"It's like a hazing thing, mainly, as far as I can tell," offers up Tyr helpfully. "But I suppose it helps with some of the things you'll be doing out there. Like, if you need to be deployed on the ground or something." At the first part, though, he pauses. "I'm not sure what to say when a woman says she wants to be objectified like beef. I was told in sexual harassment training that isn't a good thing to do."

Ania tries not to, but she busts out in a laugh anyway, covering her mouth with her fingertips. "I uh, I didn't mean it like that," she says, laughing still. "I meant if I was going to associate myself with meat, it would be expensive and rare. It was a bad joke that played on my being looked on like I can't /do/ anything because of my upbringing. Pretty much everyone sees me as an incapable spoiled little girl. And maybe I am, but I'm still trying my best. Anyway, are Viper pilots often deployed on the ground? I thought it was just fly fly fly, pew pew pew."
Ania asks, "What were you? Before? I mean were you in the Fleet before or are you a new convert like me?" She shifts in her seat a bit, more just to make herself comfy than anything else. Her fingertips play with the edge of her book, absently like she's not even aware she's doing it. "I was in law school. A very expensive lawschool paid for by my parents who had more money than they knew what to do with. I've never had to do any real work before and I'm well aware of it. Just making that clear because everyone else seems pretty hung up on it. So yeah, I know I have to work hard and I'm trying. Which is probably way more than you care to hear, but I ramble when I'm tired."

"Before? I was in high school when I enlisted. So this is my first real job, I'd figure." Bannik offers a light smile. "And you want to know a secret? A lot of folks think that being in the Fleet before means you know all the secrets. You don't. I mean, eight weeks of Basic and then maybe some advanced tech school, but that's it. You don't become some sort of machine overnight. You learn practically all of it on the job; just like you are."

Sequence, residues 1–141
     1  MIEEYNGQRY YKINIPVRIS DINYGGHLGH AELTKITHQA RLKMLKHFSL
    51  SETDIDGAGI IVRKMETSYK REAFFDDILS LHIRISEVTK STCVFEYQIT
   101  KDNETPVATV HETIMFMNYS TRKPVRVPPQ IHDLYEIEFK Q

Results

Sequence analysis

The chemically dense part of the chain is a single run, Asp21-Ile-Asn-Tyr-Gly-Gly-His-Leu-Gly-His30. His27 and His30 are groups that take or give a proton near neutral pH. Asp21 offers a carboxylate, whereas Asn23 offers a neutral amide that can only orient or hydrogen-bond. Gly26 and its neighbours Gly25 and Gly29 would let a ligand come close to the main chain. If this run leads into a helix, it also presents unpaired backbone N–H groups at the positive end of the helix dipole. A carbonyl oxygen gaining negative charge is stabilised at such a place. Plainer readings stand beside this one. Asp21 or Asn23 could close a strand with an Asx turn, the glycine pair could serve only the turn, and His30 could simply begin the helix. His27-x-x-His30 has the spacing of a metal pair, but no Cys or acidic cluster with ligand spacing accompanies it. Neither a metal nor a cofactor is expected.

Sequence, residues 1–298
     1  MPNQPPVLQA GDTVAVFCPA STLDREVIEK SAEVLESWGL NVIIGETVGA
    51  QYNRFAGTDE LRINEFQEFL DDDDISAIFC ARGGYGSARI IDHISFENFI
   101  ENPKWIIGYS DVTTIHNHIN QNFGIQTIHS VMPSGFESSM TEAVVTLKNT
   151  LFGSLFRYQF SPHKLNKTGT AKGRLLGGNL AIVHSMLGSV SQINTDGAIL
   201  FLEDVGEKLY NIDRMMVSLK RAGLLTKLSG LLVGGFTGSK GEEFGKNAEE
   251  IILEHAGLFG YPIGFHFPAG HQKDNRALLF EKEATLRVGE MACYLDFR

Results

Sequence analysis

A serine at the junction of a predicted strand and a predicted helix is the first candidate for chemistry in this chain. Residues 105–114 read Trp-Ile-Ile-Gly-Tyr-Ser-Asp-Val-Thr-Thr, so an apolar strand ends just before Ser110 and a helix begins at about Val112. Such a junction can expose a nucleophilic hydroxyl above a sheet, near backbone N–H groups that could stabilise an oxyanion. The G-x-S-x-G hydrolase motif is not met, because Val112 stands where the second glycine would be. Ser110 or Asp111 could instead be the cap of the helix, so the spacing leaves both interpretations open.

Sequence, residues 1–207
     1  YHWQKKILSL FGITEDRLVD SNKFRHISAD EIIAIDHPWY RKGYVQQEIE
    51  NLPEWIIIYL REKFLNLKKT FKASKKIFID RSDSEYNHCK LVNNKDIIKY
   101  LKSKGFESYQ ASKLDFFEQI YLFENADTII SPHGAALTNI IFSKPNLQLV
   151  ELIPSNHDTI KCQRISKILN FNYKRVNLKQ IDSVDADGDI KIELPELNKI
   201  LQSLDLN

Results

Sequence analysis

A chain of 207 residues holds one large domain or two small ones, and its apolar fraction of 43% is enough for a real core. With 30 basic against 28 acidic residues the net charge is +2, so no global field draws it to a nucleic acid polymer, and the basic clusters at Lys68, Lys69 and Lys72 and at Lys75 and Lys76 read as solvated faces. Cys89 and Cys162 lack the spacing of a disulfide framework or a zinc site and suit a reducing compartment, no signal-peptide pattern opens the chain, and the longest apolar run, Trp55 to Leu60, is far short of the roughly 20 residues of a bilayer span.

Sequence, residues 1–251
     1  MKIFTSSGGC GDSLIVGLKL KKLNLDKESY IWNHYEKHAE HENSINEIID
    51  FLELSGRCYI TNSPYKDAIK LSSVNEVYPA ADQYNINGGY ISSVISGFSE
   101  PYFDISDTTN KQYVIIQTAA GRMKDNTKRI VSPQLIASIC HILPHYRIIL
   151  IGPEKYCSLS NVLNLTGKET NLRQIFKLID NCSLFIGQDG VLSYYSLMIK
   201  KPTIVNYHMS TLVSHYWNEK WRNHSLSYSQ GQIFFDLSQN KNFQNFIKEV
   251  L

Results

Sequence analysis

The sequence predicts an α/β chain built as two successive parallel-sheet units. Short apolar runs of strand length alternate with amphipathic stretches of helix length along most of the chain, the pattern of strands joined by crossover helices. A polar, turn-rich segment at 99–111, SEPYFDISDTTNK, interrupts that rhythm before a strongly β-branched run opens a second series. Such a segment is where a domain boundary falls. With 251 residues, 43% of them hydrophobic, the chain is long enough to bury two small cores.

Ania asks, "So there's no big secret that I can talk you into telling me?" She grins a bit and realizes she's toying with the corner of her book so pulls her hand back. "You know, you might be the nicest person I've met in uniform yet, save for Evan and that doesn't really count. He goes by /Bunny/ so he kinda has no choice but to be sweet and adorable. Anyway, what was your project? I mean, if I can ask. Can I ask?"

Bannik shrugs his shoulders. "Sure," he says. "You can ask. It's — sort of complicated. But." He leans over to try to explain. "What happened is we picked up these particular kinds of missiles from a base we went to. And we want to figure out a way to launch then, but the problem is they're not standard loads for Raptors or Vipers. That make sense?" He tilts his head at her.

Ania listens, her mouth tugging into a hint of a frown as she goes into Thinking Mode. "So you're saying that the standard equipment on the uh, the Birds, doesn't fit what ammo you have. Which means you either have to change the ammo or make the missile systems fit around what you have available. Round hole, square peg scenario?"

"Even more complicated, but yeah. That's the basic problem." Bannik nods over at Ania, encouraging, gesturing at another one of his yellow legal-sized pads. "The other problem is that we want to try to load the ordinance onto a new stealth design frame we're developing. So I've been put in charge of developing the targeting systems for the prototype."

Ania leans in, over her flight manual, looking at the pad. "So it's not just the housing that you have to worry about on the prototype, it's the actual electrical wiring for the targeting and deployment systems? But on the existing systems, you're hoping to utilize the existing stuff all save for the housing? Have you done a comparison to see what they'd have in common and build from there, or haven't you done the full analysis on what requirements you'd need for the prototype?" She pauses a second. "I mean, I'm sure you know what's best, that's your job. I'm not a real technician."